God is Love but Love is Not God

Christian author A.W. Tozer once wrote, “To magnify one phase of God’s unitary character and diminish another is always wrong.” He goes on to explain how if we magnify only God’s love, then we are left with “a sentimental, spineless god.” He continues, “We’ve magnified the love of God without remembering that God is just.” This is precisely what is happening in the postmodern age of Christianity. Some, perhaps even many remove anything about God they don’t like such as His righteous judgment and wrath against sinful humanity and instead create for themselves a kind, loving, merciful—albeit powerless god—who must bend to the will of the individual rather than the individual being required to submit to the will of the true Sovereign God.

When the apostle John wrote those famous words, “God is love” (1 John 4:16), I’m sure he had no idea how that simple phrase would be so abused two thousand years later. Even John Wesley appeared to claim that the primary characteristic of God is love when he wrote in his explanatory notes, “God is often styled holy, righteous, wise; but not holiness, righteousness, or wisdom in the abstract, as he is said to be love; intimating that this is his darling, his reigning attribute, the attribute that sheds an amiable glory on all his other perfections.” Wesleyan theologians have been running with this presumption ever since.

In the postmodern feel-good age, many have taken this notion to an extreme far beyond a biblical understanding by reversing the order to say “Love is god.” They won’t say it so succinctly; instead, they will meander around a bit and eventually come to that conclusion. And quite recently, God has all but been erased from the equation with the phrase, “Love is love.” But love is not God and love without God is not love. While it is true that God is infinitely loving, He is also infinitely holy and infinitely just and infinitely righteous and good and merciful and faithful and sovereign. How could anyone possibly suggest that God’s infinite love is greater than God’s infinite holiness or even the other way around? No attribute of God’s character can be greater or lesser than any other attribute of God. If that were true, He would not be eternal because something of God that is lesser cannot be infinite.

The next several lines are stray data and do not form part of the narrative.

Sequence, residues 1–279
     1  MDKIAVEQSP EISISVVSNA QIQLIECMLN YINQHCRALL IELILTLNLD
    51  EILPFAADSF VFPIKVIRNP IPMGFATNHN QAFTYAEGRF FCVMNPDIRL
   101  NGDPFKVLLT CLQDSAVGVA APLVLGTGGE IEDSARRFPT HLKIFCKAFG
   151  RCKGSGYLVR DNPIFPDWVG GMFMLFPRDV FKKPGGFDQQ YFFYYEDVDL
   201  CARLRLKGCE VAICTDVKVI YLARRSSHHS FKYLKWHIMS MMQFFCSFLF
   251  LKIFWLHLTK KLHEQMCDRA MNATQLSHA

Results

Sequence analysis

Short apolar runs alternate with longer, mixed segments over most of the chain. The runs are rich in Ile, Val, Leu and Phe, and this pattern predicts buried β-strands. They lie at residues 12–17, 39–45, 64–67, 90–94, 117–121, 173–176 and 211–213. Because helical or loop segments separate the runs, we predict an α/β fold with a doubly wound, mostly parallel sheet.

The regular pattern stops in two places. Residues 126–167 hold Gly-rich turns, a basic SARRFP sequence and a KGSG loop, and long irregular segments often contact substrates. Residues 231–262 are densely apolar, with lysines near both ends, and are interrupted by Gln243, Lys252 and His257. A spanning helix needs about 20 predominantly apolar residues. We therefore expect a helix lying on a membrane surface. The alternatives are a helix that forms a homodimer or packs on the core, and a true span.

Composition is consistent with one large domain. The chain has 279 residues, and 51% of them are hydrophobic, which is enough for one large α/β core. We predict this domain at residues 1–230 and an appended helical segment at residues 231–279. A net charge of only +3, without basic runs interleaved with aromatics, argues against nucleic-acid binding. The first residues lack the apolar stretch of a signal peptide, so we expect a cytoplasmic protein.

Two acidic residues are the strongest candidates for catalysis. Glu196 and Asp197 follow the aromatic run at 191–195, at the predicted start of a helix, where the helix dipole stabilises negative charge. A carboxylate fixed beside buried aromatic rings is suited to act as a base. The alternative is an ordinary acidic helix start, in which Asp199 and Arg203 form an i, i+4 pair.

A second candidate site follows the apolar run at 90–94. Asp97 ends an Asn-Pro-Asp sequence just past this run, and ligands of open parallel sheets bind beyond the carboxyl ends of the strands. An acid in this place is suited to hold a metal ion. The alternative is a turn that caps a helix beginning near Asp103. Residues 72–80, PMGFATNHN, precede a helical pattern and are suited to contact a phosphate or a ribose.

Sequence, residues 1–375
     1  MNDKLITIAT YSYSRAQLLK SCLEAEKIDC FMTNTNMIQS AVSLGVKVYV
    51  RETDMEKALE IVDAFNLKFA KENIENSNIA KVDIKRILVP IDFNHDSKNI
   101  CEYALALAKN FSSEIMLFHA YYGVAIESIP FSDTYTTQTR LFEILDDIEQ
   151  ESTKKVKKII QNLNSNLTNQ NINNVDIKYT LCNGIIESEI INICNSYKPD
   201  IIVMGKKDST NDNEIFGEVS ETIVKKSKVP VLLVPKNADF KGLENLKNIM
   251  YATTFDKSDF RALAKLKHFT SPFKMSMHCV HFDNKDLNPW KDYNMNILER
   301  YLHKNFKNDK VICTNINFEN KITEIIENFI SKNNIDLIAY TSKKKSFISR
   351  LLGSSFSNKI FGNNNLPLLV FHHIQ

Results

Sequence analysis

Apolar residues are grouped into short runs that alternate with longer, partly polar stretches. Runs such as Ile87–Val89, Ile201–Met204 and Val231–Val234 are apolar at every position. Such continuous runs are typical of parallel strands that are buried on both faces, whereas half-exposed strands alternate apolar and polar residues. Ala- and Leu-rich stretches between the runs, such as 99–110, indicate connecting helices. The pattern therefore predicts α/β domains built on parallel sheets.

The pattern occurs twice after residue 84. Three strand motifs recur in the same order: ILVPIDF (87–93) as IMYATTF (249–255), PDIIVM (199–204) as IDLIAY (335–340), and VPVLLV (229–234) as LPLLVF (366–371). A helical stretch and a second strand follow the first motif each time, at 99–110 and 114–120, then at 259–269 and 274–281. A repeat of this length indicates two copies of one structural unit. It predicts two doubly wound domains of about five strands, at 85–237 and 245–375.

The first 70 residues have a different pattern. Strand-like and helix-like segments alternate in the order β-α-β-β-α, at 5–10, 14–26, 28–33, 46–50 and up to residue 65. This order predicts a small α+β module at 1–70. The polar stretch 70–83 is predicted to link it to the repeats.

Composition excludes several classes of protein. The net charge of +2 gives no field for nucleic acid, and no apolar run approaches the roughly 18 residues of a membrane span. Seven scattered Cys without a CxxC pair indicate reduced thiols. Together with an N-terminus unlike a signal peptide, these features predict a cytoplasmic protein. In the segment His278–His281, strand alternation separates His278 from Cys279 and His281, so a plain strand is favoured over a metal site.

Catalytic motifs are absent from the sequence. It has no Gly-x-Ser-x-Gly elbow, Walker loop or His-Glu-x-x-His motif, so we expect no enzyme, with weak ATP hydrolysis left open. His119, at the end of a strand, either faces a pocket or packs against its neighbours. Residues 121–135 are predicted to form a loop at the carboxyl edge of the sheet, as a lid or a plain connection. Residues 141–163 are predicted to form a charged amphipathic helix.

God and everything about God is unitary. He is not made up of parts like humans are. Every characteristic of God functions as one. Tozer writes, “All that God says or does must accord with all His attributes… Every thought that God thinks, every word that God speaks, every act of God must accord with His faithfulness, wisdom, goodness, justice, holiness, love, truth, and all His other attributes.” When Jesus was asked, “What is the greatest commandment?”, His answer was, “Hear, Israel! The Lord is our God, the Lord is one” (Mark 12:29 NASB). Isn’t that interesting? Before we get to the commandments about loving God and loving neighbor, we are commanded to recognize God’s sovereignty, His holiness, and His unitary nature. And that is because until we surrender to the Lordship of God, we cannot recognize the experience of being loved by the All-Powerful, Sovereign Creator of the universe. For the unsaved, God’s love is like light to the blind or sound to the deaf. They have no frame of reference to even imagine it.

God’s love permeates every aspect of His being, as do holiness and justice also permeates every aspect of His being. God’s love, holiness, and justice all functioned as one in the atonement when Christ chose to suffer and die on the cross for us. Because of God’s holiness, His justice required that the sinner be condemned. But because of God’s love for us, He established a way for us to be reconciled to Him that is holy and just. Romans 5:9 says, “And since we have been made right in God’s sight by the blood of Christ, he will certainly save us from God’s condemnation.” The atonement of Christ was the payment for our sinfulness. So now God’s justice requires that those who are marked as belonging to Christ be brought into the kingdom of Heaven, no longer condemned, but justified in Christ. Only the love of a holy God could save us in such a way as this.

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